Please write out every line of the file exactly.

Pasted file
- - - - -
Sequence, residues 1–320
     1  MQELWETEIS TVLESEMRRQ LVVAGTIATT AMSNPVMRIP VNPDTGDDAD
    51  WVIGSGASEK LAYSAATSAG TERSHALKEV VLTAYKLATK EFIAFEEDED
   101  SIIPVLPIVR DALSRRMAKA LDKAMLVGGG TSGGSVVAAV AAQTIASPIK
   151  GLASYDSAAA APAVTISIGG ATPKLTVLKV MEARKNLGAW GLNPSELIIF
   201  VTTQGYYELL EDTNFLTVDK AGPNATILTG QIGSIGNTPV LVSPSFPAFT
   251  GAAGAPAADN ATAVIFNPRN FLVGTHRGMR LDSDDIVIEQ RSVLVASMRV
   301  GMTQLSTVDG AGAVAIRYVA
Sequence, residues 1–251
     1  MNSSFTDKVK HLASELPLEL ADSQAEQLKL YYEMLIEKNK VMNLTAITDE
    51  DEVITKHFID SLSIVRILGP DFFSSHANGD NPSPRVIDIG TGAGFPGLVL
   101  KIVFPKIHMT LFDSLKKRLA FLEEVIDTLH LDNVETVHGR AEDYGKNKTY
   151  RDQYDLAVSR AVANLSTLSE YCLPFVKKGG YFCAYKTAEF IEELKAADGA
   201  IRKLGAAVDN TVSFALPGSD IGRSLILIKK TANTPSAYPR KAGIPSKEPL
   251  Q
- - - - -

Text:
Sequence, residues 1–320
     1  MQELWETEIS TVLESEMRRQ LVVAGTIATT AMSNPVMRIP VNPDTGDDAD
    51  WVIGSGASEK LAYSAATSAG TERSHALKEV VLTAYKLATK EFIAFEEDED
   101  SIIPVLPIVR DALSRRMAKA LDKAMLVGGG TSGGSVVAAV AAQTIASPIK
   151  GLASYDSAAA APAVTISIGG ATPKLTVLKV MEARKNLGAW GLNPSELIIF
   201  VTTQGYYELL EDTNFLTVDK AGPNATILTG QIGSIGNTPV LVSPSFPAFT
   251  GAAGAPAADN ATAVIFNPRN FLVGTHRGMR LDSDDIVIEQ RSVLVASMRV
   301  GMTQLSTVDG AGAVAIRYVA
Sequence, residues 1–251
     1  MNSSFTDKVK HLASELPLEL ADSQAEQLKL YYEMLIEKNK VMNLTAITDE
    51  DEVITKHFID SLSIVRILGP DFFSSHANGD NPSPRVIDIG TGAGFPGLVL
   101  KIVFPKIHMT LFDSLKKRLA FLEEVIDTLH LDNVETVHGR AEDYGKNKTY
   151  RDQYDLAVSR AVANLSTLSE YCLPFVKKGG YFCAYKTAEF IEELKAADGA
   201  IRKLGAAVDN TVSFALPGSD IGRSLILIKK TANTPSAYPR KAGIPSKEPL
   251  Q